Caer Leb (c) Chris Andrews
Caer Leb

The name Caer Leb translates loosely as Leaven Castle. That might conjure up images of battlements and drawbridges, but nothing could be further from the truth. This 'castle' is a prehistoric enclosure near the River Braint. The site is bounded by an arrangement of double banks and ditches, some sections of which have since been levelled.

The origins of Caer Leb are unclear, but it seems likely that it was built in the 2nd century BCE, and remained in use until well into the Roman period.

A fanciful 18th-century book by Rev Henry Rowlands claimed that Caer Leb was a 'moated intrenchment' and was the 'residence of the arch-druid' of the region. Unfortunately for druidic enthusiasts, the truth is probably a bit less romantic.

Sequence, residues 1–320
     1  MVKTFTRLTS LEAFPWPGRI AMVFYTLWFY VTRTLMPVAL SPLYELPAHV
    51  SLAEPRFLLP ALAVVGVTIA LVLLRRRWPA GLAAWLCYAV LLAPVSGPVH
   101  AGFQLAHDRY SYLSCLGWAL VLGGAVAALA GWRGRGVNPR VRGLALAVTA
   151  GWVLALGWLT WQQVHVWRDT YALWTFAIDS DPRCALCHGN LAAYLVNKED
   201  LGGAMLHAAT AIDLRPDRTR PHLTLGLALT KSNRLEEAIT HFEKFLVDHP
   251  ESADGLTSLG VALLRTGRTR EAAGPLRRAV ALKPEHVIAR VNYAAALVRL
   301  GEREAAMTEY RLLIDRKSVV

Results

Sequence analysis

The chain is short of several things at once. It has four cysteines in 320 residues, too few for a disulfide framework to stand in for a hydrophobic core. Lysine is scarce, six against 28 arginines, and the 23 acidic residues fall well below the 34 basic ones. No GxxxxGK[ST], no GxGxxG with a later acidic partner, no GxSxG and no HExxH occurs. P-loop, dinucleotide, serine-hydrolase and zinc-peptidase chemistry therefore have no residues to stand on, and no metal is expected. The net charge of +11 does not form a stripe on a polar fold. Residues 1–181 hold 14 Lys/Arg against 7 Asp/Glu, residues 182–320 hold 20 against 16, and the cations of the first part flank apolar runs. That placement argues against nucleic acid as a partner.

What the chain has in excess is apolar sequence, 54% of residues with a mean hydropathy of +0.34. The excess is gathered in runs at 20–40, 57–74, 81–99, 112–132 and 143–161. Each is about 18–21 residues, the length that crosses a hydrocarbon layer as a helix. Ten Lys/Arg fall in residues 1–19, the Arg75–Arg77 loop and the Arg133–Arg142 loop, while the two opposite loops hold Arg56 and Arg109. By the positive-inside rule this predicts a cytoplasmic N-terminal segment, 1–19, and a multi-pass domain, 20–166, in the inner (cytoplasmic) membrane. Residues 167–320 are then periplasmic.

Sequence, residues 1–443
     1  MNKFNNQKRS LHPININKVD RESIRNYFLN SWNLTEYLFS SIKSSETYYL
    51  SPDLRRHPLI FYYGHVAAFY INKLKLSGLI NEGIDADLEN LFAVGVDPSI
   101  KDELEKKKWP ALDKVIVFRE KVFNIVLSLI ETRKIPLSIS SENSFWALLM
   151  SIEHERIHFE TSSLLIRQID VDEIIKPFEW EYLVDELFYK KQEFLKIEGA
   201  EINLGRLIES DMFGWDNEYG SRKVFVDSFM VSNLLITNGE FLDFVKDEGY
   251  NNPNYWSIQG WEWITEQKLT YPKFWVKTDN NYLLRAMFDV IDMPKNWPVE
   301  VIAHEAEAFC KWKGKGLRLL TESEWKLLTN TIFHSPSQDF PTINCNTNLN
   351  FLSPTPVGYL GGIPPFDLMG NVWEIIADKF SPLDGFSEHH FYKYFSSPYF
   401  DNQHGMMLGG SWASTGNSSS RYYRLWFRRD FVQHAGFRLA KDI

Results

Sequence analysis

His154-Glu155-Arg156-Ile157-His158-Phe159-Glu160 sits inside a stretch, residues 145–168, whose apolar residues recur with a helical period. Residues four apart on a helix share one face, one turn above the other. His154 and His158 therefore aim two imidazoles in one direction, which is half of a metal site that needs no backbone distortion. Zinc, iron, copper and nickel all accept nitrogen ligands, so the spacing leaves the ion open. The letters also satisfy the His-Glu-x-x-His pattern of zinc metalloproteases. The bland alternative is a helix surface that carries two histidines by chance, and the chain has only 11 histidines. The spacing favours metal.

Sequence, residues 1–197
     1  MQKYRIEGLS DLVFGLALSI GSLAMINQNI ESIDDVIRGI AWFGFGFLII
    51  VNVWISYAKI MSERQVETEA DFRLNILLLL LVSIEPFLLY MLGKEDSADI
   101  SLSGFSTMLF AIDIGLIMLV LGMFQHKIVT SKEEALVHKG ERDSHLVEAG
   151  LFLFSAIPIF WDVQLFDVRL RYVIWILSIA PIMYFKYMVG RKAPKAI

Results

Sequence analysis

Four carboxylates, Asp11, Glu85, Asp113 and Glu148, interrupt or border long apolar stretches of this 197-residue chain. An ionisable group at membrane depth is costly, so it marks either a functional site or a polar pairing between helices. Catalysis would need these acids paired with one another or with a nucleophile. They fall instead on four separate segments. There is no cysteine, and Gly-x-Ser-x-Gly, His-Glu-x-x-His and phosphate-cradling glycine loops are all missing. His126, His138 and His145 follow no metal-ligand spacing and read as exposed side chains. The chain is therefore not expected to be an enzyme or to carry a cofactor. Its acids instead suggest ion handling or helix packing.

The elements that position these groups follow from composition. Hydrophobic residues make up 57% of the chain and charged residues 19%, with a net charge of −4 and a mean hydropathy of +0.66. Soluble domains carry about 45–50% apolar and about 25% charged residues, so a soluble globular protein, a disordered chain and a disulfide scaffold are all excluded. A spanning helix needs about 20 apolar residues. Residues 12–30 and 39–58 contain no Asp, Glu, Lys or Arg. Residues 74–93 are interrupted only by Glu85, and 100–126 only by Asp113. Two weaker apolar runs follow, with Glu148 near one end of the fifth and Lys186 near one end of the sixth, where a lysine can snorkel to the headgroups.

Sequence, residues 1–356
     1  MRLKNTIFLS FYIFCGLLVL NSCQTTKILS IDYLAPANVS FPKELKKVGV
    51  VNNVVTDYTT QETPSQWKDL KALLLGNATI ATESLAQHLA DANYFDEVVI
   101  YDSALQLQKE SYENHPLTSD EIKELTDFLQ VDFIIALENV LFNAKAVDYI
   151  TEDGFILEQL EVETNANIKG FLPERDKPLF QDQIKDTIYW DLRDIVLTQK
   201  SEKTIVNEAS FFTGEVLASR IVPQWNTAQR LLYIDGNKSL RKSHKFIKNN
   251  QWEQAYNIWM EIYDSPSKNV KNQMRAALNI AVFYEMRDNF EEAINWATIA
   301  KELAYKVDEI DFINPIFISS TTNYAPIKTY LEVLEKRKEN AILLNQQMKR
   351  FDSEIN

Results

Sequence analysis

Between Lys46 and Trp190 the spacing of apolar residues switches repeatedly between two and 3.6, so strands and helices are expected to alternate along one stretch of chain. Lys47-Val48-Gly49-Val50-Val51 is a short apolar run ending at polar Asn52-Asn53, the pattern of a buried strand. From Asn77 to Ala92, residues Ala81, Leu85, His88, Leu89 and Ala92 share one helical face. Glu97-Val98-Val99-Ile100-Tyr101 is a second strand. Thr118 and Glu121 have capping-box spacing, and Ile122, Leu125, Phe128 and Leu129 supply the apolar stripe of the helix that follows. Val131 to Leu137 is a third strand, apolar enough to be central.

Excavations in the Victorian period did find evidence of several buildings within the inner enclosure, but no evidence of these structures can be seen today.

Fragments of pottery dating between the 2nd and 4th centuries have been found, as have a later layer of periwinkle shells and a medieval coin.

A footpath leads from Caer Leb to Castell Bryn Gwyn, also in the care of Cadw, and to the Bryn Gwyn standing stones.